Connecting state and local government leaders
“If you didn’t like the previous GOP health care plans to repeal the [Affordable Care Act] and to replace it, you’re definitely not going to like the one that actually just last night went down in flames,” said New Orleans Mayor Mitch Landrieu.
New Orleans Mayor Mitch Landrieu’s analysis of the current state of the Republican health care bill on Capitol Hill is simple.
“If you didn’t like the previous GOP health care plans to repeal the [Affordable Care Act] and to replace it, you’re definitely not going to like the one that actually just last night went down in flames,” Landrieu said on a conference call on Tuesday with mayors from across the nation.
The U.S. Senate’s plan to repeal and replace the Affordable Care Act is indeed dead, for now.
And, Senate Majority Leader Mitch McConnell’s near-immediate pivot to a plan that would call for a delayed repeal without a replacement at the ready—a strategy that President Trump endorsed via Twitter—may be doomed as well.
City executives have a message to Congress as they plot the path forward—and that’s to take a step back.
In fact, mayors are calling for Congress to “start from scratch.”
The message from Columbia, S.C. Mayor Stephen Benjamin during Tuesday’s call, which was organized by the U.S. Conference of Mayors: “We believe this is an opportunity for mayors, governors and other elected officials from this great country to come together in a bipartisan manner with congress to craft bipartisan legislation that will fix our nation’s health care system and increase our access to high quality affordable health care.”
Congress should see this as time to “get this done right, not necessarily [to] get this done fast,” added Landrieu, recognizing that the prioritization of expediency over consensus was a factor that led to the demise of the Senate’s health bill. “We have to slow down and craft a bipartisan bill that works for all Americans.”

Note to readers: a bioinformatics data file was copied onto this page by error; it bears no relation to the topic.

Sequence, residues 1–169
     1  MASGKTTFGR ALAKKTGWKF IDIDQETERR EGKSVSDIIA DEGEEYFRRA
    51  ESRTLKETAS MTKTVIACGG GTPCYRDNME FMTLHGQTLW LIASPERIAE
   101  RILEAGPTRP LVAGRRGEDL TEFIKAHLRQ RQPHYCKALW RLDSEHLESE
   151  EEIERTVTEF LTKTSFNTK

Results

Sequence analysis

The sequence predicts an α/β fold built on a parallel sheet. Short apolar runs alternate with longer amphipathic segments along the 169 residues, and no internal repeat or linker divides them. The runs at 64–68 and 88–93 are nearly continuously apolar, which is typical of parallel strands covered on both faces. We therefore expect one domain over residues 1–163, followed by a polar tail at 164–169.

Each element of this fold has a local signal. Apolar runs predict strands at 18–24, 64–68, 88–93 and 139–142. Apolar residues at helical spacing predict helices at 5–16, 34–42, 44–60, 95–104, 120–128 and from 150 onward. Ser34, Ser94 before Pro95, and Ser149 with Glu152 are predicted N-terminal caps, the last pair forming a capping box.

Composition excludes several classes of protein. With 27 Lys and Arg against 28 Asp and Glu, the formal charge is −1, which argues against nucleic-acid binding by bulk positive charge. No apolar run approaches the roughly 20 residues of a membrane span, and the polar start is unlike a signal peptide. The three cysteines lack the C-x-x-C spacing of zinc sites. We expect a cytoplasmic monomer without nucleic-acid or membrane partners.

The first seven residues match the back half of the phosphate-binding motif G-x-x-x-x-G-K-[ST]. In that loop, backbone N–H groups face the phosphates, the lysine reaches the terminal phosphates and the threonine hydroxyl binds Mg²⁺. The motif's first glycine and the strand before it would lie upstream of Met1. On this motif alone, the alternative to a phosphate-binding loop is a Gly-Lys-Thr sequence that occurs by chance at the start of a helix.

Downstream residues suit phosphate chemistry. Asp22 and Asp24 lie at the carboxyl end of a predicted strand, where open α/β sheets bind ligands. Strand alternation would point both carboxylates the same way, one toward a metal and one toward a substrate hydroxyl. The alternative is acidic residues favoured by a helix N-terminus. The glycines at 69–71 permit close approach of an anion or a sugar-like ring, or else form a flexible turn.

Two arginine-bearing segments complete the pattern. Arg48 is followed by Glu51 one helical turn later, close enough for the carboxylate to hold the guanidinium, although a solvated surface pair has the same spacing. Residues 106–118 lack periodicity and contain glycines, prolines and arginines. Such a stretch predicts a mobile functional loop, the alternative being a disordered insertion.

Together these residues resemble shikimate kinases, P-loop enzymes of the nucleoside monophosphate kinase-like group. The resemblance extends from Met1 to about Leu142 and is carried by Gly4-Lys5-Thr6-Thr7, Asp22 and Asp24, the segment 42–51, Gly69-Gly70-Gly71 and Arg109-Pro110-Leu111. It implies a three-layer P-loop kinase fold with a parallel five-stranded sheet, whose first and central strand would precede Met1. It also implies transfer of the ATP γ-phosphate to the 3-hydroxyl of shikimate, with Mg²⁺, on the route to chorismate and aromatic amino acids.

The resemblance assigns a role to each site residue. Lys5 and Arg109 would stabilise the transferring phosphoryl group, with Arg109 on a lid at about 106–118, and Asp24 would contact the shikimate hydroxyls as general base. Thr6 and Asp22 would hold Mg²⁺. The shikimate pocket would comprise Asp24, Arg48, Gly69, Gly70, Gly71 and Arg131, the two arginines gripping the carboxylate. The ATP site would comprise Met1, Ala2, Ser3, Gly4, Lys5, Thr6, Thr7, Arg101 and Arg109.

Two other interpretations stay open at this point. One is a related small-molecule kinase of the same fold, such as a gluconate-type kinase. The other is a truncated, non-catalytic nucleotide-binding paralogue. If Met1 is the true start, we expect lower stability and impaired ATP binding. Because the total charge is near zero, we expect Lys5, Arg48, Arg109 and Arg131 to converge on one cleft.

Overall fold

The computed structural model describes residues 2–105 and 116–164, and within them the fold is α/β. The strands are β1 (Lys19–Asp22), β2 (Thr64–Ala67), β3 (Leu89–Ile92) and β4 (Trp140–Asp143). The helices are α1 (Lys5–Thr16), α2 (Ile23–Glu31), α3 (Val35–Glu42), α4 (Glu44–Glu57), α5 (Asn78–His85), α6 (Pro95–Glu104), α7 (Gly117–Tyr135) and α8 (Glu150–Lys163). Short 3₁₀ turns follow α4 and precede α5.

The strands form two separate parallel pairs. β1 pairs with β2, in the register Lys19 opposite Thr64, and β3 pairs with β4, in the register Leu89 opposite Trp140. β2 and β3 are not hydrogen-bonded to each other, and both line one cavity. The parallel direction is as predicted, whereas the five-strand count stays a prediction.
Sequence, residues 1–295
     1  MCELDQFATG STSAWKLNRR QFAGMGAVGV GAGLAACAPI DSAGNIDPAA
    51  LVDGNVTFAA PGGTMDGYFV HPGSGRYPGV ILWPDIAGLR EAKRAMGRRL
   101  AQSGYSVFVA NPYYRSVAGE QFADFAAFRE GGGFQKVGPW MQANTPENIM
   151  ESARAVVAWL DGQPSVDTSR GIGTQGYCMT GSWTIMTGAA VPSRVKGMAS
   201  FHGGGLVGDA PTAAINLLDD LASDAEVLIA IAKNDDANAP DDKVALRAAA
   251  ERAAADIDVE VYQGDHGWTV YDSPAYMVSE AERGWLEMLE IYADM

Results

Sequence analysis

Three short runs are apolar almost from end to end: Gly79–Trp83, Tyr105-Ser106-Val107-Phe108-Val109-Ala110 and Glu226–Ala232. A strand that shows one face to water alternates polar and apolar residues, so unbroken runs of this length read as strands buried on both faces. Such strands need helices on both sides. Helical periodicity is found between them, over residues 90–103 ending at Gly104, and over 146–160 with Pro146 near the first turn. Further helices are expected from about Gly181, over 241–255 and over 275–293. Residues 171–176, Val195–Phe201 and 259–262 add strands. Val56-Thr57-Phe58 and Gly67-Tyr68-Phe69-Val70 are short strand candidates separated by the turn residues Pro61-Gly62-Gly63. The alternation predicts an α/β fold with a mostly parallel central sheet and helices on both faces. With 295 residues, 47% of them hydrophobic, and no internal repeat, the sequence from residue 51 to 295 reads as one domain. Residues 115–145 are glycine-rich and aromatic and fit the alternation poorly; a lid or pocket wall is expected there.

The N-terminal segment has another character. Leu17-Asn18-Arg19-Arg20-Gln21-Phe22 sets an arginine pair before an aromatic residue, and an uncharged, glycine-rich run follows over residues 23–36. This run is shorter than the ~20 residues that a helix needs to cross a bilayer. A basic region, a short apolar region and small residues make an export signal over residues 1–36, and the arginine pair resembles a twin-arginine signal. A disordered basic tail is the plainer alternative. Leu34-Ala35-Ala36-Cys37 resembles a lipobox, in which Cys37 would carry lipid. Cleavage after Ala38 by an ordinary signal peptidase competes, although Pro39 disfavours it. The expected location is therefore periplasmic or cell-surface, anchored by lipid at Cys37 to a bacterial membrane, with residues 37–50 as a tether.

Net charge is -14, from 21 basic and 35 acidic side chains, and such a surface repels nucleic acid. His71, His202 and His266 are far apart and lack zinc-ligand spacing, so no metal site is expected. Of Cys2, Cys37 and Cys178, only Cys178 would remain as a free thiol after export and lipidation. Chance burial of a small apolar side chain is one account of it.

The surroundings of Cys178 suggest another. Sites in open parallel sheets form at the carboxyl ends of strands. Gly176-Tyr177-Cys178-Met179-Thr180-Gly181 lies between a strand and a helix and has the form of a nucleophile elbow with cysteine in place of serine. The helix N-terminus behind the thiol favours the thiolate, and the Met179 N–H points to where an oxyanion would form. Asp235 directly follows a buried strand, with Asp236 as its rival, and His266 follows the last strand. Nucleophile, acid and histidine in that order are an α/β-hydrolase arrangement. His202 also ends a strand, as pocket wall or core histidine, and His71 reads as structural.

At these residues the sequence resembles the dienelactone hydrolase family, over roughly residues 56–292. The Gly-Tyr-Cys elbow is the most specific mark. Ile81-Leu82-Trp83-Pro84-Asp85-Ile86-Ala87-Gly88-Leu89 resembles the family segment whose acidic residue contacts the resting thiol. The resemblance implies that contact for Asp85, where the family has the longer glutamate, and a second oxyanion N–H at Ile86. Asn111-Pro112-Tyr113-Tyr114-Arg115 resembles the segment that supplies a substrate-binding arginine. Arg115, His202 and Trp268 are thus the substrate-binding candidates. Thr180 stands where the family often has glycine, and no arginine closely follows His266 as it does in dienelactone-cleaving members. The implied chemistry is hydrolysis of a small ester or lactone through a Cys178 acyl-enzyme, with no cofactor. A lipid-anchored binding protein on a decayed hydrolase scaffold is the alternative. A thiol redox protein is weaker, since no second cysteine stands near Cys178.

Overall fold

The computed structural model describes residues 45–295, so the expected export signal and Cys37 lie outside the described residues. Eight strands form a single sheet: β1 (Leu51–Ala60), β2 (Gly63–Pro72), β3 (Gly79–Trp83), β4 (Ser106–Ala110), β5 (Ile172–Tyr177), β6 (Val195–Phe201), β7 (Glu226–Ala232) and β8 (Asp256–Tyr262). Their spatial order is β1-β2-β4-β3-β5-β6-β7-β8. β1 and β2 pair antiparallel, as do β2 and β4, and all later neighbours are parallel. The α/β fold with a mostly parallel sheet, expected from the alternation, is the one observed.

The mayors on the call also urged Congress to take advantage of their on-the-ground understanding of the health care system by involving city leaders in future health care discussions.
“We want to work with the senators,” said Dayton, Ohio Mayor Nan Whaley, adding “we recommend a working group. We think there are ways we can lower cost and increase quality.”
But, at the same time, Whaley made it clear that what she sees coming out of Washington, D.C. right now leaves her ambivalent about the future.
“Playing a game of ‘what Ted Cruz wants in this bill’ is not the way that we’re going to be able to move our country—and not Ohio—forward.”
Mayors weren’t the only ones who took the time on Tuesday to offer their assistance to Congress. A bipartisan group of eleven governors issued a statement on recent developments to the health bill debate. The governors included in their statement this request for collaboration:
“Going forward, it is critically important that governors are brought to the table to provide input, and we stand ready to work with lawmakers in an open, bipartisan way to provide better insurance for all Americans."
Amid all this talk of the future, at least one of the mayors on Tuesday’s call doesn’t necessarily think the Senate’s health bill is entirely in the past.
Mayor Landrieu, speaking with the somewhat jaded attitude of a public servant who has seen the GOP health bill effort resurrected too many times to count, made sure to hedge his bets.
“We’ve been around this block a number of times,” he said, adding that the bill “looks dead at the moment but you never know.”
Quinn Libson is a Staff Correspondent for Government Executive’s Route Fifty based in Washington, D.C.